Interview with Eiich Kuwana
Eiichiro Kuwana, Educator and Investor, on AI and Investment Education
“There is no quick way to teach investing,” says Eiichiro Kuwana, regarding investment education. Eiichiro, or Eiich (like “H”), is a co-founder and the President of Cook Pine Capital LLC, an investment advisory firm based in Greenwich, CT.
I have known Eiich for more than 12 years. He hired me as an analyst for Cook Pine Capital in 2006 and then cultivated me into a better investor. Not only does Eiich manage money for wealthy families globally, he also serves as a member of Phillips Exeter Academy’s investment committee, which is responsible for investing the school’s endowment. Exeter is one of the oldest secondary schools in the United States with a long heritage going back to 1781. The school’s founding charter mandates that it would “ever be equally open to youth of requisite qualifications from every quarter”. Having been thus indoctrinated, it is not surprising that Eiich firmly believes in fair opportunities and independent thinking.
Exeter has an endowment fund with a total of $1.3 billion, one of the largest among secondary schools in the world (as of June 2018). The endowment covers more than 50% of the school’s annual operating budget, while net tuition less than 30%. Over the last 20 years, Exeter’s endowment fund has generated 8.7% return on investments vs. MSCI ACWI’s 5.9% so that $100 invested in the endowment fund is now worth $530, while the same amount invested in the MSCI ACWI index is only $315. Exeter’s endowment fund has also outperformed other endowments (CA E&F Median) with a significant margin over the last 20 years. The existence of the large endowment fund and generous financial support allow the school to accomplish its mission of providing high quality education for everyone with intellectual qualification.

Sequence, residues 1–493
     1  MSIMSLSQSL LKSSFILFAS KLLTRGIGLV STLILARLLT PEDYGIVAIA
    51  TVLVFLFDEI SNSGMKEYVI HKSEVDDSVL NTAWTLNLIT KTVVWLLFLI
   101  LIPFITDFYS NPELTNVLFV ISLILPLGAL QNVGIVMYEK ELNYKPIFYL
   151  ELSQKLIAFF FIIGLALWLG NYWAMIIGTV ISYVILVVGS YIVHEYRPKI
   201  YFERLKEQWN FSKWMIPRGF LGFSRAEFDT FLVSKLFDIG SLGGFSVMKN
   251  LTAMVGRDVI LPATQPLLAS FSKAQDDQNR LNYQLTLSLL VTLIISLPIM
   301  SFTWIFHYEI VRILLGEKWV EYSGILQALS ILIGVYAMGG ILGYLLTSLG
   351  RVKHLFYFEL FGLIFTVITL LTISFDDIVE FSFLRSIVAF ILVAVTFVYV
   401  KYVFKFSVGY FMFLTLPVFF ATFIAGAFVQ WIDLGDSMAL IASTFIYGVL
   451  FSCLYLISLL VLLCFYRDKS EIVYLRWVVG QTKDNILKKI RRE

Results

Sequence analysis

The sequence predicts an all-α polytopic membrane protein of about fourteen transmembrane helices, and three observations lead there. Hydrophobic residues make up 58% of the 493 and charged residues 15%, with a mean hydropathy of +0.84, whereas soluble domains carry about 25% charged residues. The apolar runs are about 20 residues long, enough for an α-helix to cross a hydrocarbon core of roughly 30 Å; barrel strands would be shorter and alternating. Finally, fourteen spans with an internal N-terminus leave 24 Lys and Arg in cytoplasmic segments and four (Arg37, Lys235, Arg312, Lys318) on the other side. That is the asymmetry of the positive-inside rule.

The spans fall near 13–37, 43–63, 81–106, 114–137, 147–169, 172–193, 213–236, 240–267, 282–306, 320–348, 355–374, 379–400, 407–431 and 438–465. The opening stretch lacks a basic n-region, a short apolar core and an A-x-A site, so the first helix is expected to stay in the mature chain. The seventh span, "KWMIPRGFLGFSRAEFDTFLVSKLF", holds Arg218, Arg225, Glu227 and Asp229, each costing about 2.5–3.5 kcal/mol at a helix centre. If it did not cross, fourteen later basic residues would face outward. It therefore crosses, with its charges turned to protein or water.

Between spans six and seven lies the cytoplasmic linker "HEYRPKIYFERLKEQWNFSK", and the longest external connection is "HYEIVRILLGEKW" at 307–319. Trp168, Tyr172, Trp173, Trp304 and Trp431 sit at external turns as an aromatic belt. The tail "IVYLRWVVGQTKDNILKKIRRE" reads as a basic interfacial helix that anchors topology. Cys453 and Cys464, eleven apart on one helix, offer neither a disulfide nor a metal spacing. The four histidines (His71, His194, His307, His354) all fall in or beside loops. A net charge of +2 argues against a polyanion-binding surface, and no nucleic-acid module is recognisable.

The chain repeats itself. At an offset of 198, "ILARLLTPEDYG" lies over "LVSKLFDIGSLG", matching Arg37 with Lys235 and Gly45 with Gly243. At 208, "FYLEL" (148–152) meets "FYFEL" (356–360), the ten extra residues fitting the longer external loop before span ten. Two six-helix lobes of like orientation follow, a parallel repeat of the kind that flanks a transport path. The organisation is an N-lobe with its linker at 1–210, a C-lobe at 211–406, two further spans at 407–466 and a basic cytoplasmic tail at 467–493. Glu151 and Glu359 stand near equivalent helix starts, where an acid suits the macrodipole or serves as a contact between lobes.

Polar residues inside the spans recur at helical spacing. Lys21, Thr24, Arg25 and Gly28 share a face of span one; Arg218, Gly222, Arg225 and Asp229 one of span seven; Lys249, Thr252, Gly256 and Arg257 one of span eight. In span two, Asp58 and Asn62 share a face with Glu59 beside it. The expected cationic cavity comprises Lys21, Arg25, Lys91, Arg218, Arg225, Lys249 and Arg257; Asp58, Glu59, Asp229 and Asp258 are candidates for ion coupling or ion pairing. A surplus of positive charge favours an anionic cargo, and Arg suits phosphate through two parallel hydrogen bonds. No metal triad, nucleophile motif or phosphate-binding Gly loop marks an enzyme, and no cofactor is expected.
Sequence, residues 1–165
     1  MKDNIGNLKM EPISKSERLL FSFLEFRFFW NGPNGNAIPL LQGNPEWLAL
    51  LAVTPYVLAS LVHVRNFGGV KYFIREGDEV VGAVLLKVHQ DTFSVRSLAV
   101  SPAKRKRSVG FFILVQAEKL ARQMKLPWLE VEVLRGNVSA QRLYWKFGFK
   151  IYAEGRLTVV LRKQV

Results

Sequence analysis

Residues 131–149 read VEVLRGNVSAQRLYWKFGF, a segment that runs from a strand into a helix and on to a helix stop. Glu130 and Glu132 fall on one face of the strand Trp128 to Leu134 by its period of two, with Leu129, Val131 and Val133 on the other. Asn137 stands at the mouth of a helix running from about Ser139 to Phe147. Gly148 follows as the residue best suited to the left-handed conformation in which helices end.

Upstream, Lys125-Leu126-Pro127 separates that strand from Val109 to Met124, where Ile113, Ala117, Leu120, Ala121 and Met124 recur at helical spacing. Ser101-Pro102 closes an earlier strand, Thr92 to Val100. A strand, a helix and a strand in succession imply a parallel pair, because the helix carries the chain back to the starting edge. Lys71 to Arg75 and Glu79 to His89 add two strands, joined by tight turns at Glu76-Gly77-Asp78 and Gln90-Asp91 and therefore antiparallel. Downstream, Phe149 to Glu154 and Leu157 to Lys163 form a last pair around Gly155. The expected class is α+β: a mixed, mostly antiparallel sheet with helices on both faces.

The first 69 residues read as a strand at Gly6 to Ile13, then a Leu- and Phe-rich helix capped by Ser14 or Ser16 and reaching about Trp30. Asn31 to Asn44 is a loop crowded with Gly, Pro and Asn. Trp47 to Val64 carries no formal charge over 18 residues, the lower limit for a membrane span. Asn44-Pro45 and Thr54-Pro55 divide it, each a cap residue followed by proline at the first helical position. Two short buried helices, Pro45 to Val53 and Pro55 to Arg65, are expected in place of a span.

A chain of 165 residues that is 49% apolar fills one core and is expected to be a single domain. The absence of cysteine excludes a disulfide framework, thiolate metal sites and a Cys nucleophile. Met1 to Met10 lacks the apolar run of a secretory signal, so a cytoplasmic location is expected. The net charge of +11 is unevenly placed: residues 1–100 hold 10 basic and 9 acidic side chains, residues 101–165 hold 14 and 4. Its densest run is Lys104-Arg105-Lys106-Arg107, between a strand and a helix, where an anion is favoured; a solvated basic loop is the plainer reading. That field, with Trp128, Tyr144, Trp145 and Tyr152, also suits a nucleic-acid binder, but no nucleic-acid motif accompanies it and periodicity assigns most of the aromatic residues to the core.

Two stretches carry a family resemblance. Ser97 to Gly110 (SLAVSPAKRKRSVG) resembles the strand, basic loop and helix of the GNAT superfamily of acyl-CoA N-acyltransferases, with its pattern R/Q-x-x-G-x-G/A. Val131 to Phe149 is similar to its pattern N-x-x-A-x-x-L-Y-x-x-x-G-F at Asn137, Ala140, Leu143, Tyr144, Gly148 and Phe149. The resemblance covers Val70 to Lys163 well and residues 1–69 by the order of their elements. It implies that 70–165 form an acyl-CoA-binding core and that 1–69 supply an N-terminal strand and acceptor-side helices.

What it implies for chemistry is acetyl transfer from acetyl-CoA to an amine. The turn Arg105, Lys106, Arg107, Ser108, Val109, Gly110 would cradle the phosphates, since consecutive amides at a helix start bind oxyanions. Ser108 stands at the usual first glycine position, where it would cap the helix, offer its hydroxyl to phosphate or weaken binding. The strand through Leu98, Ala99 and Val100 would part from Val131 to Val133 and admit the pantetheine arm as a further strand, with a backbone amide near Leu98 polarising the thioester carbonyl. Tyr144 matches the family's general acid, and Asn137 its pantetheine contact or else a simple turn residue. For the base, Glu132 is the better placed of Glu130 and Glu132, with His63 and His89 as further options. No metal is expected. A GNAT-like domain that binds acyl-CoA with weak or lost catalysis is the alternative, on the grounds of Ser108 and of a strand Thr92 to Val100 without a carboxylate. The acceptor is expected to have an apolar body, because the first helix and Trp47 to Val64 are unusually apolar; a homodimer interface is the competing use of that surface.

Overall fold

Phillips Exeter Academy’s Endowment Fund Performance
“Investor Z” is a popular Japanese comic book series, featuring Takashi Zaizen, who is a wonder kid investor and a member of a secret investment club responsible for managing the endowment fund of Dojuku Gakuen, a fictional private secondary school. Investor Z sold very well in Japan (more than 1 million copies since 2013).
“Do you think media such as comic books will help investment education,” I asked Eiich. “Yes, absolutely. You need much more before starting investing than reading Investor Z, but it is a good starting point.” Eiich continued, “Investing is about experience. So, it’s better to start early. Like the Japanese real estate bubble or the financial crisis in 2008, you have to experience them in order to understand them. But, investing is not for everyone. You need money to start investing and some people are not very good at it. I don’t believe it’s a job for schools like Exeter to teach investing, but it’s important.”